Wednesday, September 30, 2015
50th Anniversary: How LBJ/Kennedy’s Immigration Law Changed America and the World by Peggy Sands Orchowski, Ph.D.
Statue of Liberty
Fifty years ago on Oct. 3, 1965, the most liberal immigration law in the world -- the Immigration and Nationality Act -- was signed by President Johnson under the Statue of Liberty. It was the last of the major Great Society laws to be passed during the emerging civil rights era. It became Senator Ted Kennedy’s lifetime legislative legacy. It truly changed the face of America. It has had a huge impact as well as on immigration laws throughout the western world. Its many unintended consequences can be seen today in the heart-wrenching chaotic immigration crisis in Europe and on our Southern border.
The story of the 1965 immigration law actually began in the 1920s when our most selective and first comprehensive immigration law was passed – the National Origins Quota Act. That law allowed Northern European immigrants to come in without limit while all other nationalities but Mexicans were placed on a highly restrictive quota.
In the context of the times, passage of the highly restrictive immigration law was understandable. It came about after 40 years (1880s-1920s) of the largest surge (still) of unregulated immigrants in U.S. history. Migrants were fleeing from intolerable turmoil in their homelands. New Progressives led by Republican President Theodore Roosevelt were concerned about the working and living conditions of millions of unprotected low-wage immigrant workers in rich roaring-twenties urban enterprises. There were threats of another world war that war-weary Americans wanted to avoid. Many Americans feared an invasion by an alien political force – Communism. All this created a mood in America to control the borders (if this sounds ominously familiar to our times, there may be a lesson here).
On the other hand, the 1965 Act was passed in an entirely different time. There was an euphoric post WWII economic boom. America had won world leadership. Immigration levels were low. And there was guilt: over the denial of refuge for millions of Jews who died in the Holocaust and over discrimination facing loyal WWII African American soldiers and their families in the South by onerous Jim Crow laws. The Civil Rights Act of 1964 forbade discrimination based on race, religion, creed and national origin. Obviously an immigration law based on nationality quotas had to go.
But the 1965 immigration, aka the Hart-Cellar Act, also passed because of the passionate bipartisan leadership of America’s top leaders: President Johnson and Senator Ted Kennedy. They not only worked tirelessly for this bill, but also gave credit to others when it passed. That was Senator Philip Hart of Michigan, a civil rights advocate known as “the conscience of the Senate”; and Congressman Mani Cellar, elected in 1923, a Jewish Congressman from Brooklyn who spent 45 years fighting against the national quota act that excluded persecuted Jews. Ironically all of them denied that the INA would affect U.S. demographics.
The 1965 Immigration Act made two seismic changes to our immigration policy. First, all immigrant nationalities are treated equally; no nationality can have more than 7 percent of al permanent visas given out in one year. Cultural compatibility per se was no longer a criteria.
The second major change was that the majority of permanent immigration visas now go for “family unification.” After 1965 and to this day, the majority of permanent visas go to extended family members as long as they fall under the 7 percent nationality rule.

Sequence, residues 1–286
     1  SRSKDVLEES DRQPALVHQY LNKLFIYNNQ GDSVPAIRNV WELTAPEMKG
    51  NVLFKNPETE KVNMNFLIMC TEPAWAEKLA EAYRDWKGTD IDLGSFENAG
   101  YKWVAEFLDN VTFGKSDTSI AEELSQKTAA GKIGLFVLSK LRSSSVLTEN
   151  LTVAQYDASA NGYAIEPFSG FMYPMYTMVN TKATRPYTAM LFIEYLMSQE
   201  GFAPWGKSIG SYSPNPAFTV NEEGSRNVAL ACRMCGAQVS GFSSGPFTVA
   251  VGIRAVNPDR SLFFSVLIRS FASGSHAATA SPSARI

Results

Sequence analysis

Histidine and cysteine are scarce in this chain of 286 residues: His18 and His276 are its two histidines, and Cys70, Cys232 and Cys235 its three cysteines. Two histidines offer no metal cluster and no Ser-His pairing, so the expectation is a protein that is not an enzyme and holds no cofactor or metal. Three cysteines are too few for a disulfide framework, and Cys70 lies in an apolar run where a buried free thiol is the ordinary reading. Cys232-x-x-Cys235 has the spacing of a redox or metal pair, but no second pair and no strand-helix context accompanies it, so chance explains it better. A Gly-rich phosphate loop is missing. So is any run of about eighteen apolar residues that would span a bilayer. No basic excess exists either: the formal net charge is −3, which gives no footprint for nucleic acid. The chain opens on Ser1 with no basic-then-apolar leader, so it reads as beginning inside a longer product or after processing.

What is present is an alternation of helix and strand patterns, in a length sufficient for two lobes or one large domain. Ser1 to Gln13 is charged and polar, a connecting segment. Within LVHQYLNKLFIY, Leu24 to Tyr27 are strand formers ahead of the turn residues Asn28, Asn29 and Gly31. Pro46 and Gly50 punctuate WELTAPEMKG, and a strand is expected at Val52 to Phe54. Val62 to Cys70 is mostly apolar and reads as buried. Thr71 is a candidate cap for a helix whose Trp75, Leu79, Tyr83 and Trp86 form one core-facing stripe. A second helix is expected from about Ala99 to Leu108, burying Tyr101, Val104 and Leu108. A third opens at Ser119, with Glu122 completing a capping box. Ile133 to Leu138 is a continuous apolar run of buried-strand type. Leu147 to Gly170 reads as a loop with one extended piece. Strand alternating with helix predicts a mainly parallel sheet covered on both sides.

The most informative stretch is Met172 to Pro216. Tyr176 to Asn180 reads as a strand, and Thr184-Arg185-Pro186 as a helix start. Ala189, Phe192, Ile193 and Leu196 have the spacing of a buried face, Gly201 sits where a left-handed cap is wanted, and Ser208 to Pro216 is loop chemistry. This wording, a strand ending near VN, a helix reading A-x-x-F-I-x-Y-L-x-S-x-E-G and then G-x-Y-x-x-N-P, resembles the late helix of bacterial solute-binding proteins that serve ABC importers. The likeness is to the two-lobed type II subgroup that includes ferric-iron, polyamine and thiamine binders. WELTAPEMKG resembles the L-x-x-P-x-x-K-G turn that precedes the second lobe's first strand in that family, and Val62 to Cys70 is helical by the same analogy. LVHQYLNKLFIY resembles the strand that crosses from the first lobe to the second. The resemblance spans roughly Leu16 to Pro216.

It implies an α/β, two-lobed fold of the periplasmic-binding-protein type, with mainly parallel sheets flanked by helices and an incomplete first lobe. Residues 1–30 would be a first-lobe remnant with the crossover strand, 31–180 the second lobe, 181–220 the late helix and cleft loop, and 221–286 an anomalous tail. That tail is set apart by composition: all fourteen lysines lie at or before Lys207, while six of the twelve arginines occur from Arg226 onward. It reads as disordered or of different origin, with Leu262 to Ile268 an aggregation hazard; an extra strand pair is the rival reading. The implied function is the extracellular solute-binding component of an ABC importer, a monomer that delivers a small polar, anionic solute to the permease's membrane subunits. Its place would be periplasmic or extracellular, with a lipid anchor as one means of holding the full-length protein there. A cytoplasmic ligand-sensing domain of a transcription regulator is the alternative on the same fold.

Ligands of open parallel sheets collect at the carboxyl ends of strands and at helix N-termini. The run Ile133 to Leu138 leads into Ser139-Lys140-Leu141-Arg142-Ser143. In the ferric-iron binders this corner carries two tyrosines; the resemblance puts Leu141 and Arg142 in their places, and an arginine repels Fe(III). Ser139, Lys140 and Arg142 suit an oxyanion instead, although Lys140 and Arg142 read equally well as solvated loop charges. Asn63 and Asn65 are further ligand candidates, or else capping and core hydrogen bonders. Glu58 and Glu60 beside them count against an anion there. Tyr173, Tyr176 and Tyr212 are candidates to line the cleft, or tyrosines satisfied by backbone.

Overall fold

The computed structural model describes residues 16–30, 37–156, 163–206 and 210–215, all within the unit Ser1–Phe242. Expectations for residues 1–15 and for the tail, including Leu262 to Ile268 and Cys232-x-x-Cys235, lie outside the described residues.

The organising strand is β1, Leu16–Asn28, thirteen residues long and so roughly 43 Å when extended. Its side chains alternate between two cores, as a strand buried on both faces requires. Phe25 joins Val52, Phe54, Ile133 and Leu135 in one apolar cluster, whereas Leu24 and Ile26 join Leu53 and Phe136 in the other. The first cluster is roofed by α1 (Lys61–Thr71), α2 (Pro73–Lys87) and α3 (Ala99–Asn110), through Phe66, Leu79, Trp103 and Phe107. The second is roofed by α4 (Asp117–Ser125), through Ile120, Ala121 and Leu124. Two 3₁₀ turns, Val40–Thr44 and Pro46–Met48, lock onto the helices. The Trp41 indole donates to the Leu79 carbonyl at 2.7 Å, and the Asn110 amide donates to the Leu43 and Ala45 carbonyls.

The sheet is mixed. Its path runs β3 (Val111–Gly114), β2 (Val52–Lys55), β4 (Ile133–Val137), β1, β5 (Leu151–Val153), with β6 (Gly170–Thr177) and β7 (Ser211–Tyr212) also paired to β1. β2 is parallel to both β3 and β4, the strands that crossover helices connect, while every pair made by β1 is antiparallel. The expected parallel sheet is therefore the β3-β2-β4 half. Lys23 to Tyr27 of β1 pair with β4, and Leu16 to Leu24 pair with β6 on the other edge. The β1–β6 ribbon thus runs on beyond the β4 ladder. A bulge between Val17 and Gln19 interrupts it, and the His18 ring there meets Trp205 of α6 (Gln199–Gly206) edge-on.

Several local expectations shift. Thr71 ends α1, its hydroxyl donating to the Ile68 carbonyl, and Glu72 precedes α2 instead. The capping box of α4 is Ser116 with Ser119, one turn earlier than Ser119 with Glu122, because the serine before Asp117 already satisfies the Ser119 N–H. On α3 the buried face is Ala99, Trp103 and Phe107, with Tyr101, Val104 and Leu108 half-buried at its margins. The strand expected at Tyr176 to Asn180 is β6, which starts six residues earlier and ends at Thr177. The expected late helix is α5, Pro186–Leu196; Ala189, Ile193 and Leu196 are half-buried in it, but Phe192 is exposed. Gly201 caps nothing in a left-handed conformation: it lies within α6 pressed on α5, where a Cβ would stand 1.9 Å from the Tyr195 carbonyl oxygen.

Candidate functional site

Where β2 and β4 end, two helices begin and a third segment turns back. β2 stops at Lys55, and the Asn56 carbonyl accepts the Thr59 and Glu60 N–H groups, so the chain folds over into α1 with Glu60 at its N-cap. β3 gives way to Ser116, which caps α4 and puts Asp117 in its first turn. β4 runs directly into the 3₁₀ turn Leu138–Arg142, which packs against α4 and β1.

Mani Cellars also was able to change the Congressional jurisdiction of immigration from Labor to Justice. The inference was that immigration was no longer about the nation’s work force development but social justice.
There are basically three major (and unintended) consequences of the law:
1) A rapid increase in the number of legal immigrants from some 170,000 allotted in 1965 to currently in 2015 over 3 million annually on green cards and the post-1965 invented “temporary” non-immigration immigrant permits
2) A completely unexpected rise in the number of illegal immigrants – increasingly on temporary visas - and the need for not only border but internal enforcement
3) The faux tenor of immigration as a civil right coinciding with a general reluctance to enforce immigration law especially through deportation
We are seeing the harsh consequences of that third impact today as hundreds-of-thousands of immigrants surge the borders of Europe and the U.S.A. demanding entry on moral grounds. But the way they are entering provides them no legal right to settle in these nation states, all of whom welcome immigrants, but have legislated laws on how immigrants and refugees are to apply. Advocates rarely bring up that the basic core right of nation states is to choose who can come in, settle, work, and become citizens not less their right to enforce their immigration laws without being called xenophobic and anti-immigrant.
Immigration laws evolve with changing times. We saw it in the 1920s and the 1960s and we are seeing it now. After 50 years, many parts of the INA are outdated. Even its main precepts of “no nationality preferences” and “family unification” are questioned. The INA like all immigration laws, is a work in progress and will eventually change with the times.
Peggy Sands Orchowski Ph.D. has covered immigration reform on Capitol Hill for the last 10 years and is the author of the new book, The Law That Changed The Face of America: The Immigration and Nationality Act of 1965. For more information, please visit, www.porchowski.com <http://www.porchowski.com> .
No Más Bebés tells the story of Mexican immigrant mothers who sued doctors, the state, and the U.S. government after they were sterilized while giving birth at Los Angeles County General Hospital during the 1970s. Additional information on this powerful film is available at this website.